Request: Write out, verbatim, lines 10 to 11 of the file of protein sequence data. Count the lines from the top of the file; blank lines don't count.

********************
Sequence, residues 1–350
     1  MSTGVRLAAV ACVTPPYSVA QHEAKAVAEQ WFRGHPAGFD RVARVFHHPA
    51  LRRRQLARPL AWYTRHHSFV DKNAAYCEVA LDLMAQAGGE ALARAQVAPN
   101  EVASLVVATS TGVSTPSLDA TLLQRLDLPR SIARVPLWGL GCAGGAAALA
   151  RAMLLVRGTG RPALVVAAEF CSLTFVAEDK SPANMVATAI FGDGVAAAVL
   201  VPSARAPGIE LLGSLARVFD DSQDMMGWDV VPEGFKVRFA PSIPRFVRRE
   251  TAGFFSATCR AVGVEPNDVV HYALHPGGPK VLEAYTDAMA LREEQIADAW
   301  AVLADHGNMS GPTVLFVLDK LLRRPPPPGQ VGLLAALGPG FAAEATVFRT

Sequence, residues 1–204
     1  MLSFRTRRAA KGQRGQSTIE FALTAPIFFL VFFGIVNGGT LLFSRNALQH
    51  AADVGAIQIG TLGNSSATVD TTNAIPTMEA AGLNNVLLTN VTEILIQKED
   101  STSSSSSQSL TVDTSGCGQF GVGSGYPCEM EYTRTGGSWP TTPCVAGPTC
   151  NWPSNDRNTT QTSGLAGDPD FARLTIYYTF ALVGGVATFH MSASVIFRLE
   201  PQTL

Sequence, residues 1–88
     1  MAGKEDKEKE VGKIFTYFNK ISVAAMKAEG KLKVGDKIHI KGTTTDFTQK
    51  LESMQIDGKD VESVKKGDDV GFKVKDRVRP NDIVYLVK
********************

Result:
     1  MLSFRTRRAA KGQRGQSTIE FALTAPIFFL VFFGIVNGGT LLFSRNALQH
    51  AADVGAIQIG TLGNSSATVD TTNAIPTMEA AGLNNVLLTN VTEILIQKED